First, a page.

Child support payments are a complex business but the level of difficulty is increased dramatically when superannuation benefits are added to the mix especially if Self Managed Super Funds are involved.
The purpose behind child support payments is to enable separated parents to provide support for their dependant children. The Child Support Agency which is part of the Department of Human Services administers these payments.
Typically child support payments are determined by a formula which combines each parent’s income, determining how much it costs to raise each child and then works out each parent’s share of this cost.
The purpose here isn’t to discuss the rights and wrongs of how this process works – it is unrealistic to assume the whole process will operate perfectly for everyone.
Income for CSA purposes includes your taxable income, reportable employer fringe benefits, salary sacrifice super contributions, net investment losses, tax free pensions and annuities and foreign income. Your total income from last financial year determines how much you owe this year. The CSA uses information you and your child’s other parent supply as well as relevant data from the Tax Office.
Of key interest here is how a parent’s income is worked out especially when super funds are added to the mix.
Initially let’s consider lump sum withdrawals. Every super benefit is split between Taxable and Tax-free Components with the Taxable Component potentially included in your personal taxable income.
If you take a lump sum out of your super fund before age 60 then the Taxable Component receives tax concessions. For example if your money is in a non-public sector super fund then the first $195,000 (in 2015/16) of all your lump sum withdrawals paid is tax-free. Amounts above this threshold are taxed at 15 per cent plus the Medicare Levy.
However initially the Taxable Component of lump sum super withdrawals are included in your taxable income and taxed at normal marginal rates. The concessional tax rate is then delivered via tax offsets. A similar process happens for some employer lump sums paid if your employment is terminated.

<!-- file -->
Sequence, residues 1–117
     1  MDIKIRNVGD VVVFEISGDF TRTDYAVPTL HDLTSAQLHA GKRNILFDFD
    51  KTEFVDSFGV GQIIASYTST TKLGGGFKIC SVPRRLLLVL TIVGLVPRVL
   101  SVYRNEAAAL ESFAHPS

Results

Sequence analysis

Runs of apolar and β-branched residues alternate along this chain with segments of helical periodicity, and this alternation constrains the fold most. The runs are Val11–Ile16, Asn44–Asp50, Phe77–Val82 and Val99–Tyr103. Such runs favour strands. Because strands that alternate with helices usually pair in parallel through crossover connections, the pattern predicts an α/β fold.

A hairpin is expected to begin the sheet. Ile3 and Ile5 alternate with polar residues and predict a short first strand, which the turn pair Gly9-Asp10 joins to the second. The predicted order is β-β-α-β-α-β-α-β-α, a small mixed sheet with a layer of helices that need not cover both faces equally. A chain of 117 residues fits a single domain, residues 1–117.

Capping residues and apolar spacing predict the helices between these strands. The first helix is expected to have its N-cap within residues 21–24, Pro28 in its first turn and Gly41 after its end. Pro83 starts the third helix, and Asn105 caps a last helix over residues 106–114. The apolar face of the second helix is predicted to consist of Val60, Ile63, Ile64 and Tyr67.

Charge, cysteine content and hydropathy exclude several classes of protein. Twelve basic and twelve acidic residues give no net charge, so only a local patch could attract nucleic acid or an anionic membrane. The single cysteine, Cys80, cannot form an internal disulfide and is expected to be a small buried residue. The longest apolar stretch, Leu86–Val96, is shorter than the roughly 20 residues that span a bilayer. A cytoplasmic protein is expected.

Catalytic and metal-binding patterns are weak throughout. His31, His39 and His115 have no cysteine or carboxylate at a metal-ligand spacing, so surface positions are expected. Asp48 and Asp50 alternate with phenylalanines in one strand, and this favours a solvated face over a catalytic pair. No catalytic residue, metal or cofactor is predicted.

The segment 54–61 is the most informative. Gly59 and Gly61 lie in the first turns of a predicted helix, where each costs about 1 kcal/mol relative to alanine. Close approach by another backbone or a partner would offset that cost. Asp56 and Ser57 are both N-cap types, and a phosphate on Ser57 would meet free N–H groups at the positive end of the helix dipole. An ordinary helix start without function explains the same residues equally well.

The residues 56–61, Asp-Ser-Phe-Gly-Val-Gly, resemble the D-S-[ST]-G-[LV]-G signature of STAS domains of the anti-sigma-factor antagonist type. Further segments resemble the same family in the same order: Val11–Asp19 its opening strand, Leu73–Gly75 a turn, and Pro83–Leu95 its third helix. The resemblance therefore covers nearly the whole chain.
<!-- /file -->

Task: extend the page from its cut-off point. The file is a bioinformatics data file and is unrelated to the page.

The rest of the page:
Once you hit age 60 then any lump sum benefits you take from super aren’t taxed and are excluded from your taxable income.
Clearly if you take a lump sum out of super before age 60 and you make child support payments then you might find that your taxable income is inflated which means higher payments the following year.
Now let’s consider superannuation pensions.
If you take a Transition to Retirement (TtR) pension between your preservation age (age 55 if born before July 1960) then you must receive income of between 4 per cent and 10 per cent each financial year.
It appears that the Child Support Agency assume that you take the maximum income possible from these pensions even when if you elect to take a lower income.
What about all other account based pensions payable after you’ve retired? The rules for these pensions say that there is a minimum income that must be paid each financial year but no maximum. That is, all of the pension’s account balance can be taken as one or more income payments in any year. This means that for child support payment assessment purposes the whole of the pension account balance could be counted as income.
What happens if you run a Self Managed Super Fund? The CSA will receive data from the Tax Office about the SMSF including the income earned by the fund as well as the fund’s total assets. In some cases these values are then used for child support payment determinations.
The problem here is that some of the income earned by the fund and the fund’s assets may have nothing to do with you as these may be attributable to other members of your fund.
Those making child support payments may be best not to take pensions or taxable lump sums while they have to make child support payments. They may also want to be think careful about using a SMSF.
ADF Financial Services Consumer Centre